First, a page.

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Top of the Class: How Asian Parents Raise High Achievers--and How You Can Too
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Top of the Class: How Asian Parents Raise High Achievers--and How You Can Too

3.52  ·  Rating details ·  75 Ratings  ·  13 Reviews

Asians and Asian-Americans make up 4% of the U.S. population...and 20% of the Ivy League. Now find out how they do it.

The numbers speak for themselves: 18% of Harvard's population; 25% of Columbia's; 42% of Berkeley's; 24% of Stanford's; 25% of Cornell's...

What are Asian parents doing to start their kids on the road to academic excellence at an early age?  What can all p

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Paperback, 224 pages
Published November 1st 2005 by Berkley
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Sera
Dec 16, 2013 rated it liked it
2.5 stars; I rounded my rating up to 3 because it is the holidays, and I am feeling generous.

Overall, I must say that I was pretty disappointed by this book. I was looking for Asian cultural insights that I could use as a parent, but unfortunately, only about half the book took this route. The rest of it was common sense parenting that could come from most any culture. At one point, the authors even criticize the Asian way of teaching. They believe that "drilling" and "repetition", which I under
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Tnf1228
Aug 21, 2017 rated it liked it
This book reads as a series of over generalizations. The bottom lines are mostly known through the lens of behavioral analysis or otherwise presumed by listening and paying attention in the world.
Njeri
Nov 30, 2013 rated it it was ok
Shelves: self-help
This book is written from the perspective of 2 sisters raised by THEIR Asian parents - yes, they have some examples from their friends but the sample size does not justify generalizing to ALL Asian parents. I don't think either of them have their own children so it is about their parent's parenting style - if they haven't tested out these tips on their own kids, I'm wary of testing them out on mine. The writing style is not varied and becomes monotonous after a few chapters. The focus is on help ...more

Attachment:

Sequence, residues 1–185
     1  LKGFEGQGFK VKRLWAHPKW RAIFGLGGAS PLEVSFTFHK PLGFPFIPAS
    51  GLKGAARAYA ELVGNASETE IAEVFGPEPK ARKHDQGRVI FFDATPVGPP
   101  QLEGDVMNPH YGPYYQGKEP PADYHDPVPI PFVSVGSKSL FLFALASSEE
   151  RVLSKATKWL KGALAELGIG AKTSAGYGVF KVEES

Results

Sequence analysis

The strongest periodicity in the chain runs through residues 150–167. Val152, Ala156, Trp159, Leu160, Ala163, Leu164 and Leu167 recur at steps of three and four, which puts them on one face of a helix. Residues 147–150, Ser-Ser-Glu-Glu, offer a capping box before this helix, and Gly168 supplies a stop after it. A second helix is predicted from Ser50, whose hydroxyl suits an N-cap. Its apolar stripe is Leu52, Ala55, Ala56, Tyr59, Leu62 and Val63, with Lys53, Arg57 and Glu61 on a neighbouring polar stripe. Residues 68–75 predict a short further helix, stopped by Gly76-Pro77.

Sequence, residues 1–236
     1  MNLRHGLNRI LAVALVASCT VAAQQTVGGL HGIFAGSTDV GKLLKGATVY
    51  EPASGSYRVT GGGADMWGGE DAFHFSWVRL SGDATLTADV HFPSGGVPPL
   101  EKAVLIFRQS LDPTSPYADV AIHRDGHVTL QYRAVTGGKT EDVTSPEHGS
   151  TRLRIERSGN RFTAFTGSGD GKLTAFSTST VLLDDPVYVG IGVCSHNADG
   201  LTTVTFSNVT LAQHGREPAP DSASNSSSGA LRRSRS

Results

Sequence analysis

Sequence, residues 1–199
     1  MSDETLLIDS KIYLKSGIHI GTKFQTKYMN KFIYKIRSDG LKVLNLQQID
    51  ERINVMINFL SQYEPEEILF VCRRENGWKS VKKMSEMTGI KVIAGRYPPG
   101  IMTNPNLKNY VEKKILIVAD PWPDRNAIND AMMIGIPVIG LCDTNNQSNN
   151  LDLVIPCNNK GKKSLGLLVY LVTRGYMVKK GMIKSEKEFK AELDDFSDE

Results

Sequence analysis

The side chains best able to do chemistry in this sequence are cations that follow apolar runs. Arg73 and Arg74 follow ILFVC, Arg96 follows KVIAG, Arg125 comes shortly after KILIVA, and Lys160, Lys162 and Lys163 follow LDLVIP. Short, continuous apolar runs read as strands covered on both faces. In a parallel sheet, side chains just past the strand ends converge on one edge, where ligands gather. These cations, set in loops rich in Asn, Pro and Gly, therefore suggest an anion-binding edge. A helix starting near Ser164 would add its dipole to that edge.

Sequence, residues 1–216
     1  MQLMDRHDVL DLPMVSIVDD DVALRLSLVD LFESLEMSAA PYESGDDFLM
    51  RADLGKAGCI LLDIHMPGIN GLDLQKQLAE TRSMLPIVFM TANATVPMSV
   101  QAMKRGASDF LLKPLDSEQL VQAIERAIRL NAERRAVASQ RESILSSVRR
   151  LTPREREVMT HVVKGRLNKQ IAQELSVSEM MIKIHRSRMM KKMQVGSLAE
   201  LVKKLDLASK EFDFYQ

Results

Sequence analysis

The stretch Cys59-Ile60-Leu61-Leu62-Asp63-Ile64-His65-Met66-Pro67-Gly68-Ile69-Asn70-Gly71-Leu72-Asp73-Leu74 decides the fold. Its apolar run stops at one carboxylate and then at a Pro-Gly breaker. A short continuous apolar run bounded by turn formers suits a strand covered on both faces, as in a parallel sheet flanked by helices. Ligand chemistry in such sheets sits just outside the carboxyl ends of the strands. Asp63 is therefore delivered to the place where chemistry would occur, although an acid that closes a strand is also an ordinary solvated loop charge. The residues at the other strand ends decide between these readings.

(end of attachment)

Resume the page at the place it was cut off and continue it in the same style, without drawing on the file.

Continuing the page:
Diane
Sep 16, 2014 rated it really liked it
I enjoyed this book as it was about two sisters who were raised by Asian parents who stressed education very strongly.
One of the things that made me think, is when the child was struggling, both of the authors parents would make dramatic changes in their schedules to correct the error until they saw that the problem was resolved. They had family meetings as to how everyone in the family could help the child that did not have a good report card and also that the day the children received report c
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Kami
Feb 19, 2013 rated it liked it
Some of this was obvious, but Soo and Jane pointed out that parents should have a good attitude about work if they want their kids to want to get a good education to have a fulfilling career and life. I realized that also applies to everything, service, church, work, friends, children, etc. Not that I have a bad attitude, but I should pay more attention to have positive attitude about things most important to me.

I also really liked the points about education being a family endeavor, everyone wo
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Steph
Jan 20, 2015 rated it really liked it
The secrets are well laid out. I found many to be things that I completely agree with but I may be lacking in some of those areas. I do not wholly agree with secret 11. But every family and person has a different point of view on life and their kids futures. Overall a very thought provoking book.
Stephanie
Jan 07, 2009 marked it as to-read
Greatinformation to know for my kids!
Nicolai
Aug 03, 2008 rated it did not like it
one generation away from a tin shack thinking.

rich dad, poor dad!!
Stephen
Apr 19, 2015 rated it did not like it
I found this book frightening for the simple fact that the writers seemed completely unaware of the model minority stereotype. Their "how to guide" is based upon anecdotal evidence.
Brian
Apr 04, 2012 rated it liked it
Some fairly common sense advice about raising kids. A much more balanced approach than the "Battle of the Tiger Mom" but not nearly as entertaining to read.
Kenitta
Aug 28, 2009 rated it really liked it
I enjoyed this book. I took away of lot of tips to incorporate with my children.
Alycia Wells
Sep 30, 2012 rated it liked it
Good read
Tira Wakayama
Oct 15, 2007 marked it as to-read
hahaha! this book my mom bought me... very interesting.
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Dr. Soo Kim Abboud is a Clinical Assistant Professor at the University of Pennsylvania, and is active in the American Medical Association, the American Academy of Otolaryngology, and the Association of Women's Surgeons.
More about Soo Kim Abboud